Meet The Pros – Gregg Whitfield
Gregg is retiring so that he can TEACH PICKLEBALL! Awesome! And he brings his tennis techniques into the pickleball training equation. Enjoy!
Can you list for us your major wins so we can correctly introduce you to our readers?
2019 U S Open: Silver in Men’s 60+ Doubles with Joe Nguyen
Gold in Mixed 65+ with Hilary Marold, Bronze in 65+ Singles
2018 U S Open 65+ Mixed 5.0 Gold with Carolyn Bagley
Silver Men’s Doubles Skill 60+ with Steve Paranto
2018 US OPEN, Steve Paranto and Gregg Whitfield – Silver
2018 Pasadena Senior Games Gold in Men’s Doubles, Silver in Mixed, Gold in Singles
2018 So Cal Classic Gold in 60+ Men’s Doubles
2018 West Regionals Gold in Men’s Doubles 60+, Gold in Mixed 60+, Gold in Singles 60+
2018 Huntsman Senior Games: Gold in Men’s 65+, Gold in Mixed 65+, Gold in Singles 65+
2018 USAPA Nationals Bronze in Mixed 65+
2018 Southwest Regionals Gold in Men’s Doubles 65+, Gold in Mixed 65+, Silver in Singles 65+
2018 Grand Canyon State Games Gold in Men’s Doubles 60+
2016 Nationals 55+ 5.0 Mixed Bronze with Kathy Pederson
What paddle do you play with and why?
I’m a sponsored player with Paddletek and play with the Tempest Pro because it’s a great all-around paddle that allows for soft touch drop shots and still has power when needed.
What is your pickleball story? How were you introduced to pickleball?
My background was in tennis. I played through high school and college where I played #1 for Occidental College. I taught tennis under David Reed, who played with Arthur Ashe at UCLA, and Sven Davidson, who played in 4 Grand Slam Finals winning two titles. I became the head tennis pro at Altadena Town and Country Club in the early 1980s. In 2016 I found pickleball at a local club in Cambria, CA and became addicted to the sport.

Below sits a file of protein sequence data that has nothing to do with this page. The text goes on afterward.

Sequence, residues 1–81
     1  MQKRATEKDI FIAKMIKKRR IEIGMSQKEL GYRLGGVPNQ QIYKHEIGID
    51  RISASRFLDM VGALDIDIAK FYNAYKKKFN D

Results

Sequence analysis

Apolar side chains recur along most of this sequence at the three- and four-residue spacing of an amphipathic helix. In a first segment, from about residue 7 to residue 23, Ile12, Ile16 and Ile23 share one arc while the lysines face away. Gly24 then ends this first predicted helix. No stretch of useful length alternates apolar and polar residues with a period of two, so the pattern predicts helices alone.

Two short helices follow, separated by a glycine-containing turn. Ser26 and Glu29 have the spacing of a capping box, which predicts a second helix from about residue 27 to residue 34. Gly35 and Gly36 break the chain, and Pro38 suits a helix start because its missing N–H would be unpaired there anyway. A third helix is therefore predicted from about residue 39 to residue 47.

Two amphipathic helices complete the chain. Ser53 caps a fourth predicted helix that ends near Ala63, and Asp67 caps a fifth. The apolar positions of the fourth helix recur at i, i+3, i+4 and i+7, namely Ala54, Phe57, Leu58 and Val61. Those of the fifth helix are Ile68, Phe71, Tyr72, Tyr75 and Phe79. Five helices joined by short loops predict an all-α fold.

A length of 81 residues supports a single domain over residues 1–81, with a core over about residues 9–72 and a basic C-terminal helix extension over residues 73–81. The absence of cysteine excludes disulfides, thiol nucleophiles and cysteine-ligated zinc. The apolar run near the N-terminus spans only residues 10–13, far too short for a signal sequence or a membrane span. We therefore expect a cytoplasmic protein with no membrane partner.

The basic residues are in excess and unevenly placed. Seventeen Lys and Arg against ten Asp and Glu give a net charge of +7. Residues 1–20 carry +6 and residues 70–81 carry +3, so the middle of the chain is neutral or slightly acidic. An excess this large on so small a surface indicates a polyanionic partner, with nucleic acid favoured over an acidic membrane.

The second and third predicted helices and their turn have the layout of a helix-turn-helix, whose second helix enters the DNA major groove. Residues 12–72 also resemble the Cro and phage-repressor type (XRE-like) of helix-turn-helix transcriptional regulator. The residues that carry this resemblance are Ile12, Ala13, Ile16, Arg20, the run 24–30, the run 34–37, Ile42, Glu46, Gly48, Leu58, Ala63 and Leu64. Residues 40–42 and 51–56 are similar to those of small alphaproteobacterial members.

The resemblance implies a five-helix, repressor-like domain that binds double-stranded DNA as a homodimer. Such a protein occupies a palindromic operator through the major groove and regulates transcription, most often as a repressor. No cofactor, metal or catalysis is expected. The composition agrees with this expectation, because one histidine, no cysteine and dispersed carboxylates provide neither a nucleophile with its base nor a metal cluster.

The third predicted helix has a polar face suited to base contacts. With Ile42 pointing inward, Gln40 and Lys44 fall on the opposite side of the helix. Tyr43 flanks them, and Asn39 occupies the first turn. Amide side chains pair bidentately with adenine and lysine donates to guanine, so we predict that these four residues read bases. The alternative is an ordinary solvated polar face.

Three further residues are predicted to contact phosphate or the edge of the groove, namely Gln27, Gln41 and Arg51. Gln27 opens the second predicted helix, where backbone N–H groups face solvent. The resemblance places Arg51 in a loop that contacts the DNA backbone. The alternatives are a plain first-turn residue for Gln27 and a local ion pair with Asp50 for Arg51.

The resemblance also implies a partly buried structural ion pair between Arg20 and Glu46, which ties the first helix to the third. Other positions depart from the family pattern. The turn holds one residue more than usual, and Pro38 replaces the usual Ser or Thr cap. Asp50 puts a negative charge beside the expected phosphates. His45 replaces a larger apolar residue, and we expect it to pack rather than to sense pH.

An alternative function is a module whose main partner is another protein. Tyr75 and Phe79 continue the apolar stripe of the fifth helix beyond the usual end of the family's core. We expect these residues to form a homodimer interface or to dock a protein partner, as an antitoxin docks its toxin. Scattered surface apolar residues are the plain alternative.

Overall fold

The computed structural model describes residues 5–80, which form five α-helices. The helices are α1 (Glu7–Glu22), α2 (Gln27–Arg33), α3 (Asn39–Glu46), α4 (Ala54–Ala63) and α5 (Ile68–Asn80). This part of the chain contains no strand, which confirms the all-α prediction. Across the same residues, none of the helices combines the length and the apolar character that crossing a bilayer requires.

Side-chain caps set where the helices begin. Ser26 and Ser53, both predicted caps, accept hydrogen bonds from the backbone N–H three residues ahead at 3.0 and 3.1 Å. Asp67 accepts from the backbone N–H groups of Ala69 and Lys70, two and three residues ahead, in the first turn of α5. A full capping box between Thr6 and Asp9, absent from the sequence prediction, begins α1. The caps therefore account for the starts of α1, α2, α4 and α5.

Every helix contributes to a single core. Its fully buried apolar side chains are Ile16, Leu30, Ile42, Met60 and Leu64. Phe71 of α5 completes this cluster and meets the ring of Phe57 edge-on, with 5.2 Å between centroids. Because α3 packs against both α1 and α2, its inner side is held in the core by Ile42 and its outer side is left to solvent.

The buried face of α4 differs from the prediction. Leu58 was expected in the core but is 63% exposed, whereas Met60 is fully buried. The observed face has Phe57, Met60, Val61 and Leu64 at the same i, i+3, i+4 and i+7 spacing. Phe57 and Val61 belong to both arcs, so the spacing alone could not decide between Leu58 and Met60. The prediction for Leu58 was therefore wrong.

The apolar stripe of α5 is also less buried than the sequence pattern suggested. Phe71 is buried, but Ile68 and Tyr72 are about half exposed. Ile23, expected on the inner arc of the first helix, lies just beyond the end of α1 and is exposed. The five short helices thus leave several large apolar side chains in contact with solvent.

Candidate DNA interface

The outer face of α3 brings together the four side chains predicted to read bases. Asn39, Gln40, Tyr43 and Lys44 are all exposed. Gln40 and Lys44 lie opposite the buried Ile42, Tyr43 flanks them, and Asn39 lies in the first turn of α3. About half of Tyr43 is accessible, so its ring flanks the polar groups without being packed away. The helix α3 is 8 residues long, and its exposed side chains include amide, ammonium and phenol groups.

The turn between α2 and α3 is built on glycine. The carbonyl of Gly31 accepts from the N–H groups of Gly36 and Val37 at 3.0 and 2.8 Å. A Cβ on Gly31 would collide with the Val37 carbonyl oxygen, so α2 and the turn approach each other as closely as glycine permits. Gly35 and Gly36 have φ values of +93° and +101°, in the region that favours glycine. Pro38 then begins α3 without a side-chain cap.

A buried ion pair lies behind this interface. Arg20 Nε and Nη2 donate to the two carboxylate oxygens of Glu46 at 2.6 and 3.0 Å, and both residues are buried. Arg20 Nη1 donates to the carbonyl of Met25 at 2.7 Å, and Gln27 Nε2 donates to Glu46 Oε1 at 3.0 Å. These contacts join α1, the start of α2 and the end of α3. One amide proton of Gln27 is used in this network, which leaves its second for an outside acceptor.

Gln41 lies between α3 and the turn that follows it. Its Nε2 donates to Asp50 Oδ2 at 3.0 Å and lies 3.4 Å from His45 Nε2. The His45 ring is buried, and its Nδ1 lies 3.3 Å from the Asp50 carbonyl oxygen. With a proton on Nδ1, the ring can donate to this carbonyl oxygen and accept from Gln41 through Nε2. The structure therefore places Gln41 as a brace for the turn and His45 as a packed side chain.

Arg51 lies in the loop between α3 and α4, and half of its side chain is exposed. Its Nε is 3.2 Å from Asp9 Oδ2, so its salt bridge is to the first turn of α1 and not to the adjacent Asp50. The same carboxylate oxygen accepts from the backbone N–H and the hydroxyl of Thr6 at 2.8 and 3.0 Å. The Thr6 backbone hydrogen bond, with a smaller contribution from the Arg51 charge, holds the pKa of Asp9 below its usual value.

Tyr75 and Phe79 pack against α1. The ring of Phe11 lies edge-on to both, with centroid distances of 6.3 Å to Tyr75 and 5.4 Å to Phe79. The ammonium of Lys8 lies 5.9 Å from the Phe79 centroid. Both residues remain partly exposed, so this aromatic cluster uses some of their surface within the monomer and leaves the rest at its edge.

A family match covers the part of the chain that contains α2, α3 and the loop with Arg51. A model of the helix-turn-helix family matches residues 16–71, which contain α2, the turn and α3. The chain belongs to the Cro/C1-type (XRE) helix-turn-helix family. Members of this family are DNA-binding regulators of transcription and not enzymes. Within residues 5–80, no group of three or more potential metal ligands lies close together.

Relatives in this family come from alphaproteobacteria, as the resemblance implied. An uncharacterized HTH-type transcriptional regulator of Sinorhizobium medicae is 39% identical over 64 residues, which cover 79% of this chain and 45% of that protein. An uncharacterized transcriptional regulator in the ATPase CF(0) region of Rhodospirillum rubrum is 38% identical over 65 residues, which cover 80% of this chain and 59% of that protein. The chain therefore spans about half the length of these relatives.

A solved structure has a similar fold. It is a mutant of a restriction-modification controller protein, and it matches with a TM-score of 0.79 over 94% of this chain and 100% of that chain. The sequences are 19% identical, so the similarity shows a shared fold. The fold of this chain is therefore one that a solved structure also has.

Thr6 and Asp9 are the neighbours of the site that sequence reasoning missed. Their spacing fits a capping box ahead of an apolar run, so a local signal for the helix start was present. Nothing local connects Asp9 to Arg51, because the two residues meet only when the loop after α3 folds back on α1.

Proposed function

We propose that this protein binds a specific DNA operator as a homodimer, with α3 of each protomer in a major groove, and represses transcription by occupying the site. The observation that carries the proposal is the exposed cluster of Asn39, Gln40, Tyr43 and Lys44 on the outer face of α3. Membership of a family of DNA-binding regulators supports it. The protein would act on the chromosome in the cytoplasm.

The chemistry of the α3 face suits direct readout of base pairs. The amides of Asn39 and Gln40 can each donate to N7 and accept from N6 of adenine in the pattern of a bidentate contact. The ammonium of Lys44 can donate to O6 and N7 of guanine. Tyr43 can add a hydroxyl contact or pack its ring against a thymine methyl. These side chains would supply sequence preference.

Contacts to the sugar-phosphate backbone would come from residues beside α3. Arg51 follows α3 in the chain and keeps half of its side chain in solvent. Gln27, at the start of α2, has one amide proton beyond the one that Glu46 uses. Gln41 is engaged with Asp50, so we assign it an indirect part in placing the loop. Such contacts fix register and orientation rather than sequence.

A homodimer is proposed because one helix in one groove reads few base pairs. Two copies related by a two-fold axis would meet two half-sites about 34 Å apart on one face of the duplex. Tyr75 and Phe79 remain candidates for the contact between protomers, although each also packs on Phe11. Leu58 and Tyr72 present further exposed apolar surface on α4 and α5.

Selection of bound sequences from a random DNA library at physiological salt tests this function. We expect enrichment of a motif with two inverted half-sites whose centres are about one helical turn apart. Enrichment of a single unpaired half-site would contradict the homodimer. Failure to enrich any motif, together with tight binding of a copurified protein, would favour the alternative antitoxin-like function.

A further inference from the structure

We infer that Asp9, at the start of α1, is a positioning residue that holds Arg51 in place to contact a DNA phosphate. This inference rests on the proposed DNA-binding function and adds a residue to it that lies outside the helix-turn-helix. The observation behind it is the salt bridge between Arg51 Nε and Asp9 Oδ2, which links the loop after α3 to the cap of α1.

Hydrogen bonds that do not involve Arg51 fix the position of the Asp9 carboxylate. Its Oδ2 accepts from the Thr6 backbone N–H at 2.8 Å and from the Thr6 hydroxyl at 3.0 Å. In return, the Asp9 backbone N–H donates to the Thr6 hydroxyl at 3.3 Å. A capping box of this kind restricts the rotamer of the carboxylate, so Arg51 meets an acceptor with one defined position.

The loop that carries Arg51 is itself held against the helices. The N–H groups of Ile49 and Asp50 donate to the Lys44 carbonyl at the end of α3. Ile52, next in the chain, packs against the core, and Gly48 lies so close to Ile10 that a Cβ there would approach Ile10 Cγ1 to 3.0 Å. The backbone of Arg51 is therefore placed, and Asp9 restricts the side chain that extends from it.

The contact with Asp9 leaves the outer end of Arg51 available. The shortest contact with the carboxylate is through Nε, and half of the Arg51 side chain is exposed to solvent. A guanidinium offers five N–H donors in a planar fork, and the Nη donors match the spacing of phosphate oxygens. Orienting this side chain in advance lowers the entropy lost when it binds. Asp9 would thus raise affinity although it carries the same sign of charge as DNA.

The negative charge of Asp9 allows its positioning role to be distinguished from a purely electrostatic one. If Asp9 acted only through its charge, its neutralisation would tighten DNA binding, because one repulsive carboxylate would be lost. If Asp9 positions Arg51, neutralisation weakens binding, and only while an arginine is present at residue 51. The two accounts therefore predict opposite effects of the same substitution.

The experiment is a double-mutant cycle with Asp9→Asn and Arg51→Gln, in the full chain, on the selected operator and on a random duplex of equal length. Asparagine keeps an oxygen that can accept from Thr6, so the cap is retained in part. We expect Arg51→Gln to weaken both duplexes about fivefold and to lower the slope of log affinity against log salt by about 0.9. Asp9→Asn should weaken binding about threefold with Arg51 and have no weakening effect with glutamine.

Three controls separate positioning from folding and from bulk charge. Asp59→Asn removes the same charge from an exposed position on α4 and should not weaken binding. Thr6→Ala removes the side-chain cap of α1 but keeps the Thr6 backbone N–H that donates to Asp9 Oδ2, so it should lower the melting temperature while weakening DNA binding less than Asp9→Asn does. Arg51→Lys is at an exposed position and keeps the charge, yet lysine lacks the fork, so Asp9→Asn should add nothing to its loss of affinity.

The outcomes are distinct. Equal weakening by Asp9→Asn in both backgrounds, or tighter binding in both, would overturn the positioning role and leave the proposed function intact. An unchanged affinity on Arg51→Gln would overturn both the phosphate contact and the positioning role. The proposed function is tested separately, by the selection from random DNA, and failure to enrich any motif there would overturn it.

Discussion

What is your preference – playing indoors or outdoors?
I prefer outdoor play as the visibility is better for me and I live in California where we have nice weather year round.
Do you like singles or doubles better? Why?
I prefer doubles because singles is so physically demanding, especially as we age. Doubles allows one to develop a soft game where you can play with players at all levels.
What is your favorite place to play? Why?
My home town of Cambria has 6 newer beautiful dedicated courts. The weather is great being 65 to 70 degrees year round. 25 miles to the east is Paso Robles where it can reach 105 during the summer. So I love my home town.
What is your secret sauce? Any tips for players?
My advice is to learn the two basic spins that all top level players use: topspin and under spin. These 2 techniques are required for tennis teaching professionals. The two techniques are the basics of the drive and drop shots.
What is your day job?
I am retiring from a home painting contractor business and developing a website on teaching pickleball.
How many hours a week do you play? How do you make time to play?
Being semi-retired allows ample time to play, so I get in about 20 hours per week.
Gregg Whitfield – Dink Drills
Any lucky rituals before a big tournament?
Train with drills in your weekly play and develop all of the shots from hard drives to soft drop shots.
Do you have any pickleball goals you would like to share?
One of my goals was to win gold at either the USAPA Nationals or US Open Pickleball Championships in the 5.0 division. I have medals in both with 2 gold medals at the US Open. Now my goal is to finish my training website which is focused on teaching different shots and strategies so players of all levels can play a better game and have fun with great friendships and exercise.
2019 US OPEN 60+ men’s doubles: Ted Meyer/Gary Miller – Bronze, Jim Hackenberg/Dan McLaughlin – Gold, Joe Nguyen/Gregg Whitfield – Silver
Anything else you would like to share about your experience being one of the best pickleball players in the world?
My background in tennis was a great benefit. In tennis, the young guns could hit very fast serves where my skill set forced me to block the return of serve back. All top tennis players know how to have a very short backswing which allows a small compact technique to easily block the ball back and keep it in play. This technique is as simple as you getting to the ball and catching it with your hand. I start players out by hitting a serve to them and asking them to catch the ball with their hitting hand. First, that requires moving to the ball. Then, when catching the ball, there is no backswing and large follow through. From the basic skill, players quickly learn how to hit the ball back over the net and get it in play. Keeping the motion simple is the key to becoming a good player.